Blueberry buckle with lemon syrup

We sure do have some goofy-named foods in America. Britain has their “fools” and “messes,” and France has “bêtises,” which translates to “stupidities” – as well as pêts de nonne, which, because I’m polite, will only say that refers to the wind that comes out of the backside of nuns – and leave it at that. Stateside, we have our grunts, buckles, and pandowdies, as well as burgoo. And it’s hard to explain to foreigners, but we also drink mules. Go figure.

But most of our quirky dessert names reference baked fruit or berry desserts, which seem a little tame in comparison to our bolder European counterparts. But I’m fine with that, as I’m not sure I want to eat anything with “flatulence” in the title. 

There are a couple of theories for the name “buckle.” One is that the berries “buckle” under the weight of all the topping. Another is that a young woman made this in a Pillsbury Bake-Off, claiming that it was so good that it made boys “buckled under” when they tasted it.

Blueberry buckle with lemon syrup

This particular buckle is adapted by Rustic Fruit Desserts, a friendly little cookbook by Cory Schreiber and Julie Richardson that came out a while back, which I’m revisiting now that it’s blueberry season. It’s the kind of baking book you want to keep handy, especially when fruits like blueberries, nectarines, and even rhubarb is in season. It’s compact, but filled with home-style fruit recipes, the kind we all want to make. No matter what you call them.

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It was quite a summer, starting with sipping homemade cherry wine, a picnic at Versailles, checking out the Le Creuset factory, and frying up a batch of “French” fried chicken in a sizzling pan of duck fat. A few weeks later in the season, I was pulling a cherry clafoutis from my oven, grilling deviled chicken, and pickling strawberries, to take care of the overload from the outdoor…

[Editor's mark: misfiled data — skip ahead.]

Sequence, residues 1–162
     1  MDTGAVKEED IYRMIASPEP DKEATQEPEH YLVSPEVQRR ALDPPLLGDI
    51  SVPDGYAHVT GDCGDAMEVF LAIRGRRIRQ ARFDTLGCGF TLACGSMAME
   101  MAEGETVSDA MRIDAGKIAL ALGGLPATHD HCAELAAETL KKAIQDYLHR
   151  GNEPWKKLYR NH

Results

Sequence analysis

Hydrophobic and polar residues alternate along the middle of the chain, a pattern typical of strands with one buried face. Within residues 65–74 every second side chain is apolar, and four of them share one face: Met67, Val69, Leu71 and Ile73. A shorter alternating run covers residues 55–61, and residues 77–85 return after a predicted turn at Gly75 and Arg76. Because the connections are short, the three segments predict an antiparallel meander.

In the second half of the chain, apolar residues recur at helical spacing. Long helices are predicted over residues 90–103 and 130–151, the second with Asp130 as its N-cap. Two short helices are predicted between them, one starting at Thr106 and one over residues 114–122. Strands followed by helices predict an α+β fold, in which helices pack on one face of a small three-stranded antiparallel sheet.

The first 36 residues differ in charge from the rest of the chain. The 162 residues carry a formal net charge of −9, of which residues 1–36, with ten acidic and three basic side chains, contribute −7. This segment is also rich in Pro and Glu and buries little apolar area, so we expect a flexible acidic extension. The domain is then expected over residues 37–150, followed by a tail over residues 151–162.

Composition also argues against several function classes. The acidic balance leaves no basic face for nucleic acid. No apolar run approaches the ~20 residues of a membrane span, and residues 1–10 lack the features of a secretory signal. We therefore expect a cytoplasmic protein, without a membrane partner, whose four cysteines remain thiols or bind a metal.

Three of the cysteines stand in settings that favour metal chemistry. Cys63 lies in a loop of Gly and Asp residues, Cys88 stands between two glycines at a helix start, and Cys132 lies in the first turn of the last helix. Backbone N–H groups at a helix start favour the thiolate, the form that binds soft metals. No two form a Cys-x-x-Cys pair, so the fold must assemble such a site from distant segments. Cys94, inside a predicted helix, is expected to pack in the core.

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While in the states for a vacation this summer, I took advantage of the overload of gorgeous heirloom tomatoes, fresh ears of corn, and generous bunches of basil at the farmers’ markets to make this salad over and over (and over and over) again. Romain agreed with me that we could eat this every day. And I think we did! This salad doesn’t have a lot…

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Being stateside in preparation for les vacances (vacation), I thought I’d corral Elizabeth Karmel, who I’d had dinner with last spring when we did a special cooking event together, into grilling dinner for me. I know, it was a little forward, but Elizabeth was the chef/consultation to Hill Country Barbecue in Manhattan, which has the distinct honor of pleasing even true, hard-core bbq aficianados. She’s also…

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Ice & Vice

One of the best parts of summer in the U.S. is heading out for ice cream on a warm evening. Even if you’re someone like me, that always has a freezerful of ice cream, it’s fun to head out somewhere and join others who are cooling down, lapping up cones on the streets and on benches. The most famous ice cream shop in Paris, Berthillon closes at 8pm (and…

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  Last year, for summer vacation, we did a fabulous tour of France. This year, we crossed the pond to do a tour of New England. More specifically, Cape Cod. Since I grew up not too far from the cape, or le cap, as we came to call it during our trip. (Cap Cabillaud doesn’t roll off the tongue quite the same way.) I was particularly…

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Whoops! A big problem with being a seasonally based cook (and in this case, cocktail drinker) is that things go in and out of season. Compound that with the fact that different things are available in different parts of the world at different times – hello my friends in Australia and New Zealand! – and it’s hard to hit it right for everyone. I don’t…

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One of the first books that made me fall in love with France, and French cuisine, was Roger Vergé’s Entertaining in the French Style. Vergé was the chef and owner of Moulin de Mougins, his world-famous restaurant on the Côte d’Azur, near Cannes. I never went, but used to page through the book, admiring the relaxed, friendly lifestyle that always seemed to revolve around a table,…

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Le Trumilou

I was walking down the Quai de l’Hôtel de Ville on a recent warm summer night and passed by the outdoor tables of Le Trumilou. I like eating outside on a terrace in Paris but when they implemented the non fumeur law in France for restaurants cafés, the smokers went outside. It was kind of vexing because it was so nice that everyone could go outside…

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